ID Type Command1PSGet-NetIPAddress -AddressFamily IPv4 | Select-Object IPAddress2PSGet-NetNeighbor -AddressFamily IPv4 | Select-Object “IPADDress”3CMD whoami4PS[System.Environment]::OSVersion.VersionString5CMDnet user6————[NOT USED]———7PSGet-ChildItem -Path “C:\Program Files” | Select-Object Name8PSGet-ChildItem -Path ‘C:\Program Files (x86)’ | Select-Object Name9PSGet-ChildItem -Path ‘C:’ | Select-Object Name10CMDhostname11PSGet-NetTCPConnection | Where-Object {$_.State -eq “Established”} | Select-Object “LocalAddress”, “LocalPort”, “RemoteAddress”, “RemotePort”12PS$(ping -n 1 10.65.4.50 | findstr /i ttl) -eq $null;$(ping -n 1 10.65.4.51 | findstr /i ttl) -eq $null;$(ping -n 1 10.65.65.65 | findstr /i ttl) -eq $null;$(ping -n 1 10.65.53.53 | findstr /i ttl) -eq $null;$(ping -n 1 10.65.21.200 | findstr /i ttl) -eq $null13PSnslookup ise-posture.mofagov.gover.local | findstr /i Address;nslookup webmail.gov.jo | findstr /i Address14PS$(ping -n 1 10.10.21.201 | findstr /i ttl) -eq $null;$(ping -n 1 10.10.19.201 | findstr /i ttl) -eq $null;$(ping -n 1 10.10.19.202 | findstr /i ttl) -eq $null;$(ping -n 1 10.10.24.200 | findstr /i ttl) -eq $null15PS$(ping -n 1 10.10.10.4 | findstr /i ttl) -eq $null;$(ping -n 1 10.10.50.10 | findstr /i ttl) -eq $null;$(ping -n 1 10.10.22.50 | findstr /i ttl) -eq $null;$(ping -n 1 10.10.45.19 | findstr /i ttl) -eq $null16PS$(ping -n 1 10.65.51.11 | findstr /i ttl) -eq $null;$(ping -n 1 10.65.6.1 | findstr /i ttl) -eq $null;$(ping -n 1 10.65.52.200 | findstr /i ttl) -eq $null;$(ping -n 1 10.65.6.3 | findstr /i ttl) -eq $null17PS$(ping -n 1 10.65.45.18 | findstr /i ttl) -eq $null;$(ping -n 1 10.65.28.41 | findstr /i ttl) -eq $null;$(ping -n 1 10.65.36.13 | findstr /i ttl) -eq $null;$(ping -n 1 10.65.51.10 | findstr /i ttl) -eq $null18PS$(ping -n 1 10.10.22.42 | findstr /i ttl) -eq $null;$(ping -n 1 10.10.23.200 | findstr /i ttl) -eq $null;$(ping -n 1 10.10.45.19 | findstr /i ttl) -eq $null;$(ping -n 1 10.10.19.50 | findstr /i ttl) -eq $null19PS$(ping -n 1 10.65.45.3 | findstr /i ttl) -eq $null;$(ping -n 1 10.65.4.52 | findstr /i ttl) -eq $null;$(ping -n 1 10.65.31.155 | findstr /i ttl) -eq $null;$(ping -n 1 ise-posture.mofagov.gover.local | findstr /i ttl) -eq $null20PSGet-NetIPConfiguration | Foreach IPv4DefaultGateway | Select-Object NextHop21PSGet-DnsClientServerAddress -AddressFamily IPv4 | Select-Object SERVERAddresses22CMDsysteminfo | findstr /i \”Domain\”Figure 12: List of predefined commands

It is pretty shocking to see that even when attackers have the possibility of sending any command, they choose to add that predefined list in the backdoor in Base64 format. As we can see, some of them are common reconnaissance snippets, but some of them are not that common. In fact, some of the commands contain internal IPs and also internal domain names (like ise-posture.mofagov.gover.local). That shows that this malware was clearly targeted and also indicates that the actor has some previous knowledge about the internal infrastructure of the victim.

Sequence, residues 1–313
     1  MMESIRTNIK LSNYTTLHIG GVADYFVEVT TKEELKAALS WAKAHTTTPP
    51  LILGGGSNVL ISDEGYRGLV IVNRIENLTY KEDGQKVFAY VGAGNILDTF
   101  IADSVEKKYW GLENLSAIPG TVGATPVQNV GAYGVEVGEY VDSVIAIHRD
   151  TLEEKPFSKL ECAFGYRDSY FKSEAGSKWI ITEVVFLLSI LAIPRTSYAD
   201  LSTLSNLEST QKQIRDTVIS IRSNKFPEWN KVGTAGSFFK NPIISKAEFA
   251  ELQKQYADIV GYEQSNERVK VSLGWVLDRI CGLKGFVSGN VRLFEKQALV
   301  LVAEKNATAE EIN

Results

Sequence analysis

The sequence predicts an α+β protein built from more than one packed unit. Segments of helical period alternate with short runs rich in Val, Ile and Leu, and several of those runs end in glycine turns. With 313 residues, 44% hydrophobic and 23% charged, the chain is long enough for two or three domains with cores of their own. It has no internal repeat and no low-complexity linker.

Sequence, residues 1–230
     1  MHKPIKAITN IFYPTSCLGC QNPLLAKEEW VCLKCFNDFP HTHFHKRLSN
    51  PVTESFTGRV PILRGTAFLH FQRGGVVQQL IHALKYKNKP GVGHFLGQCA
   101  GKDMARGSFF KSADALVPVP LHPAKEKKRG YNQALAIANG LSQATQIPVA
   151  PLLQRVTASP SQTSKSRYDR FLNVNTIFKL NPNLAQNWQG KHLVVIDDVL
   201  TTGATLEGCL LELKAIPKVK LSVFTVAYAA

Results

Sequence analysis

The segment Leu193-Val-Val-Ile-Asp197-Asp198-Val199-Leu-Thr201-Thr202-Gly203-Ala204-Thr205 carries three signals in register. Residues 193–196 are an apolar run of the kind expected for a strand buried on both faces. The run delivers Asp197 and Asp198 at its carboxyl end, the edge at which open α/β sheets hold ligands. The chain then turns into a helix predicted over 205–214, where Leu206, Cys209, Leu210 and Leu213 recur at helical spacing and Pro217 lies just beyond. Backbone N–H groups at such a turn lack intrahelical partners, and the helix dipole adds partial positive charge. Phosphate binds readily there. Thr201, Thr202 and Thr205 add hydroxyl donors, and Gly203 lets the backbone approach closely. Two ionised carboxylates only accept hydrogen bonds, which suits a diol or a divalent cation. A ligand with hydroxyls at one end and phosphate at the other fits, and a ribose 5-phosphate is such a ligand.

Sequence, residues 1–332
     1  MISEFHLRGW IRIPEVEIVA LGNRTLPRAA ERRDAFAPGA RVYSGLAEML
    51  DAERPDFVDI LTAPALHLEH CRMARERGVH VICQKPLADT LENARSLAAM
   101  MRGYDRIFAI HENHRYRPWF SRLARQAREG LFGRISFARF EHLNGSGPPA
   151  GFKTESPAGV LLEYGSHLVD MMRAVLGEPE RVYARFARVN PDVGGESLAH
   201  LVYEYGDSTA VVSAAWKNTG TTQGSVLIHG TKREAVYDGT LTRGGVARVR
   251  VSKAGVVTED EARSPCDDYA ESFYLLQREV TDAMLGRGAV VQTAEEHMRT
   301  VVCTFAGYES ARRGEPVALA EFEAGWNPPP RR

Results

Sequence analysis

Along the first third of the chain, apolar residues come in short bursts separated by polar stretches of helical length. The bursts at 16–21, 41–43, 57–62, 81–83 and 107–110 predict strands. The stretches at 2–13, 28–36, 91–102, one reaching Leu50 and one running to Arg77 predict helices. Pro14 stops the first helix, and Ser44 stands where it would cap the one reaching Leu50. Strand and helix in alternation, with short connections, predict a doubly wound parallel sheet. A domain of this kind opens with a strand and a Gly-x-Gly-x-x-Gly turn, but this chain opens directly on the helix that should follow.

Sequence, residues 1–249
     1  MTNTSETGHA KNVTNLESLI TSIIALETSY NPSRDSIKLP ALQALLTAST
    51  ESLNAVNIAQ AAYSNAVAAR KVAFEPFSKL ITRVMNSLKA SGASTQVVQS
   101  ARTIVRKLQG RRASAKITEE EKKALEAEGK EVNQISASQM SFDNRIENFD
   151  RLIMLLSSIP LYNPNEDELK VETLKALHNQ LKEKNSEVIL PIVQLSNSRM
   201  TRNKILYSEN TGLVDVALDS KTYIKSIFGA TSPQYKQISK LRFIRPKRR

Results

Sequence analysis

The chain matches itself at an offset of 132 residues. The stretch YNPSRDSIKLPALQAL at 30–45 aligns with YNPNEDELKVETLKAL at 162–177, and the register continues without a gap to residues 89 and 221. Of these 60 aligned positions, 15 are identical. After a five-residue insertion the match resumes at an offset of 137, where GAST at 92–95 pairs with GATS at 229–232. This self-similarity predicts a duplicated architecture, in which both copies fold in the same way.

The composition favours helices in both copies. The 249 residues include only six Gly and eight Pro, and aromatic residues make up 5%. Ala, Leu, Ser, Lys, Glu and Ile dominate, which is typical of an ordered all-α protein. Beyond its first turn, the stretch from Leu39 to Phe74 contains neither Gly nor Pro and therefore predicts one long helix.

SEND – SEND AND RECEIVE

The Send state is used to send the results generated by commands to the actor’s server. In this case, the name of the subdomain will contain the data. As domain names are used to exfiltrate unknown amounts of data, attackers had to split this data in different buffers. Every buffer is then sent through a different DNS request. As it can be seen in the Figure 12, all the required information in order to reconstruct original data is sent to the attackers. The size of the buffer is only sent in the first packet.

Figure 13: Send data to server Attribution

There are several indicators that suggest that this campaign has been operated by APT34.

  • Maldoc similarity: The madoc used in this campaign shared some similarities with maldocs used in previous campaigns of this actor. More specifically similar to what was mentioned in CheckPoint’s report this maldoc registers a scheduled task that would launch the executable every X minutes, also it uses the same anti sandboxing technique (checking if there is a mouse connected to the PC or not). Finally, we see a similar pattern to beacon back to the attacker server and inform the attacker about the current stage of execution.
  • Victims similarity: The group is known to target the government of Jordan and this is the case in this campaign.
  • Payload similarity: DNS is the most common method used by APT34 for its C&C communications. The group is also known to use uncommon encodings such as Base32 and Base36 in its previous campaigns. The Saitama backdoor uses a similar Base32 encoding for sending data to the servers that is used by DNSpionage. Also, to build subdomains it uses Base32 encoding that is similar to what was reported by Mandiant.

Malwarebytes customers are protected from this attack via our Anti-Exploit layer.

IOCs

Maldoc:
Confirmation Receive Document.xls
26884f872f4fae13da21fa2a24c24e963ee1eb66da47e270246d6d9dc7204c2b
Saitama backdoor:
update.exe
e0872958b8d3824089e5e1cfab03d9d98d22b9bcb294463818d721380075a52d
C2s:
uber-asia.com
asiaworldremit.com
joexpediagroup.com

The post APT34 targets Jordan Government using new Saitama backdoor appeared first on Malwarebytes Labs.